121 SMART Goals for Teachers (Examples to Copy and Paste)

smart goals template
Get this SMART Template – Available at the end of this article.

Goals teachers can set for their upcoming school year can include implementing a new teaching strategy, creating new teaching resources, or beginning a reflective journal.

Generally, I recommend using the SMART framework for goal setting. The SMART framework, standing for Specific, Measurable, Achievable, Relevant, and Time-bound, offers a structured approach for setting goals. It was first put forward by Doran in 1981 (Doran, 1981).

Here are the five things you need in your Teacher SMART Goals:

  • Specific: The initial step in applying the SMART framework is to set precise and clear objectives (Locke & Latham, 2012). Instead of vaguely stating to “improve class performance”, specify the goal – “improve the 5th grade’s average math scores by 20%”. 
  • Measurable: Goals needs to be quantifiable to gauge their progress and eventual success (Doran, 1981). If the objective is to increase class participation, stating it as “increase student participation to 85%” is more measurable than simply saying “enhance student involvement”.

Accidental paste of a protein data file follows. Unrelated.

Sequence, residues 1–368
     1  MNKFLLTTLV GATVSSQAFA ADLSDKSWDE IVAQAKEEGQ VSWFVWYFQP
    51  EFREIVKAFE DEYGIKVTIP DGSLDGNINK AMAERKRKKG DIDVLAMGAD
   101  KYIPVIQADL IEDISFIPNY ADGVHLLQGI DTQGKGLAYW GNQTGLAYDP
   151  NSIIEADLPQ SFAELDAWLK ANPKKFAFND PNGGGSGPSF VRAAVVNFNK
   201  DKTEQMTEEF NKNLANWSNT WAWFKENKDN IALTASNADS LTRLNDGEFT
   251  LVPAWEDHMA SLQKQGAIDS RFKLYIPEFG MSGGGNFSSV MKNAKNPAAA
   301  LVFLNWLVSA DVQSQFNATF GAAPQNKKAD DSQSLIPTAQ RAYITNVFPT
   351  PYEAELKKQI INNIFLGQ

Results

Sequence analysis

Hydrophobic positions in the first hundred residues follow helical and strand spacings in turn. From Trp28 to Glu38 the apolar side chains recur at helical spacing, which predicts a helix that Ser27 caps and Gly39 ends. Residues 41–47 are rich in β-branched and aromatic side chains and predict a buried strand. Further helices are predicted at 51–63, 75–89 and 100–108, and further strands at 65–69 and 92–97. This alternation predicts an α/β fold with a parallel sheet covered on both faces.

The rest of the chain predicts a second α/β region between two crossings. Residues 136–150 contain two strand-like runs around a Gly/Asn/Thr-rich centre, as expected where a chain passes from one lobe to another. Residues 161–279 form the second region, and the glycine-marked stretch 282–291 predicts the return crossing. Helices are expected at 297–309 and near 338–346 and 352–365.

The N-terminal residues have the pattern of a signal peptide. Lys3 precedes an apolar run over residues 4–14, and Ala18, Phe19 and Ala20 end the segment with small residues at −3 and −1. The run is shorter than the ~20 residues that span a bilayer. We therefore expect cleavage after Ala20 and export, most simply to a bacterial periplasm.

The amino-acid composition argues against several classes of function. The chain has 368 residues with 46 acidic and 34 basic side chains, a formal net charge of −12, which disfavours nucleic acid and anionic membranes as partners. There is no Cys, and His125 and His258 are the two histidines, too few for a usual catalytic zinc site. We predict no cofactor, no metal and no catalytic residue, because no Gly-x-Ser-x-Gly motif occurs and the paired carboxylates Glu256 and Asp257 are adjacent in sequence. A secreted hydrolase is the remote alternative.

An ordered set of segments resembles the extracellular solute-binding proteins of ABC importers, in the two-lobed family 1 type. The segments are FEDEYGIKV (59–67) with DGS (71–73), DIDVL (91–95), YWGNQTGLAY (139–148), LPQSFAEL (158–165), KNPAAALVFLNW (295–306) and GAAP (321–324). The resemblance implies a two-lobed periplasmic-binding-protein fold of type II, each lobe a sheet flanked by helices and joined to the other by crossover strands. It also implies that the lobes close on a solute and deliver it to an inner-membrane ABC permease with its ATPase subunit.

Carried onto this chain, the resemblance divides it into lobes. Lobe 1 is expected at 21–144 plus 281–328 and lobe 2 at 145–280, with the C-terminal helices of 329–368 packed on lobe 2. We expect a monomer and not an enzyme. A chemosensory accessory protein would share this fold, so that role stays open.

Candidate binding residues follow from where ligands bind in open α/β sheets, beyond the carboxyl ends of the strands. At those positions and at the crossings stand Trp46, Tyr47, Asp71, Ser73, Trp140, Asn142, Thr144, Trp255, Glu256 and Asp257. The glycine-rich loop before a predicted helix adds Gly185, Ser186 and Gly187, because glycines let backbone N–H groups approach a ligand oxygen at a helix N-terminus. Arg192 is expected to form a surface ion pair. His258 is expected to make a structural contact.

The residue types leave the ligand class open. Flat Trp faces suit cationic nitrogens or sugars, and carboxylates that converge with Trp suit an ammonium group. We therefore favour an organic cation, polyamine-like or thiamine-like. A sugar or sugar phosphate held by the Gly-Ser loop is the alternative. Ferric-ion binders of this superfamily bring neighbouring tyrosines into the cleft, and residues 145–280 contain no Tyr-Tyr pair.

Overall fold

• Achievable: This means setting realistic and attainable goals. Challenging goals can motivate, but they must be attainable to keep morale up (Locke & Latham, 2012). For instance, expecting all students to get a perfect score in every subject is unrealistic. Instead, aim for achievable goals like “70% of students will score B grade or above on their final exams”.
  • Relevant: Goals must be pertinent to the teacher’s work, aligning with other objectives and fitting within the larger educational context (Doran, 1981). If a teacher elects to “implement a new hands-on lab activity each week,” this goal is only relevant if the school has the necessary resources, and if this method suits the teaching style and subject.
  • Time-Bound: Deadlines induce a sense of urgency, motivate action, and mark a clear end-point to assess achievement (Locke & Latham, 2012). For example, a goal could be to “improve student reading levels by 2 grades by the end of the academic year”.

With these guidelines in place, let’s look at some SMART goals for teachers.

Examples of Goals for Teachers